HIIT workouts or steady-state runs: Which are more efficient for weight loss?

Are HIIT workouts really superior to traditional cardio exercise, like running, when it comes to weight loss?

HIIT workout with battling ropes
(Image credit: Getty Images)

HIIT workouts are very popular when it comes to losing weight. The best exercises for weight loss, such as burpees and other full-body movements, are perfectly suited to HIIT-style interval work, and are often seen in boot-camp stile sessions. However, many people prefer slower, steady-state cardio, going on long runs or bike rides for exercise instead. So which is better for weight loss?

The obvious answer is "whichever one you like best". In the journal Health Psychology, researchers from Deakin University write: "People are far more likely to stick with a programme of exercise if they actually enjoy doing it. In a population-based mail survey of 1,332 adults, ‘respondents reporting high enjoyment and preference for physical activity were more likely to report high levels of activity’.

Simply put, if you already prefer running to a HIIT workout, you're likely to exercise more frequently if you're doing the activity you enjoy. However, there's clear evidence that HIIT workouts are one of the best ways to lose weight, as you'll burn more calories than doing low-intensity, steady-state exercises.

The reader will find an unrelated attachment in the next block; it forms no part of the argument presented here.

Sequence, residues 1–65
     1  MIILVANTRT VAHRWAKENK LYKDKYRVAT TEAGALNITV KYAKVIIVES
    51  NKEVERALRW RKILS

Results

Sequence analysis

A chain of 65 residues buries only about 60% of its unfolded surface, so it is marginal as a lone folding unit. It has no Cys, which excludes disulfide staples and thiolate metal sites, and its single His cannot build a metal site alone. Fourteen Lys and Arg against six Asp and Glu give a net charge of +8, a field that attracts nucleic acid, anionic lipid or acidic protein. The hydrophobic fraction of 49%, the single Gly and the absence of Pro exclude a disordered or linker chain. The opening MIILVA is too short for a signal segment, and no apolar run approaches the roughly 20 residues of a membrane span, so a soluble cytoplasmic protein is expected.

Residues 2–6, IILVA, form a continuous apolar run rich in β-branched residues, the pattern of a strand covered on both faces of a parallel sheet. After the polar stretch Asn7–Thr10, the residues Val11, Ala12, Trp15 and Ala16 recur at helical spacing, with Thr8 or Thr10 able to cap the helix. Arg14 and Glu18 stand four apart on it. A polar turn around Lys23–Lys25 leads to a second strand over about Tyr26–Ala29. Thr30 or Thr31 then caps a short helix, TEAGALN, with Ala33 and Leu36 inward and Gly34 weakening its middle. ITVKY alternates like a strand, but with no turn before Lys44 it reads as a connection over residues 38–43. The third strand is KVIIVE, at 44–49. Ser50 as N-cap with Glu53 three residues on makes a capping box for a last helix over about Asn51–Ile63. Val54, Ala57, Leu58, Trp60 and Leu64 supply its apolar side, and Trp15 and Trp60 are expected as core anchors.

Kyle Meyer, DO, a Sports Medicine fellow at Penn Medicine, said: “HIIT has been shown to provide better results in cardiorespiratory fitness, and could be thought of as more efficient. “The main difference between the two is in the time demand." 

By working at your maximum intensity for short periods of time, you end up taxing your body more heavily than a low-intensity run, therefore burning more calories in a shorter amount of time. One study found Tabata workouts – a form of HIIT workouts which can be completed in as little as eight minutes – also drastically increased peak performance and the body's fitness levels, in addition to torching calories. 

Try our Tabata workouts plan, or the video below, to get to grips with this super-condensed form of exercise. 

However, there is one problem – for some people, these workouts are too intense. The same study found people enjoyed Tabata much less than gentler exercises. 

If you're used to working at high-intensity, or you enjoy the rush, take advantage of HIIT workouts' ability to rev up your metabolism and burn calories like nobody's business. But for those who can't get into it, we suggest simply focusing on finding an exercise you enjoy – can we suggest our Couch to 5K plan?

Matt Evans

Matt Evans is an experienced health and fitness journalist and is currently Fitness and Wellbeing Editor at TechRadar, covering all things exercise and nutrition on Fit&Well's tech-focused sister site. Matt originally discovered exercise through martial arts: he holds a black belt in Karate and remains a keen runner, gym-goer, and infrequent yogi. His top fitness tip? Stretch.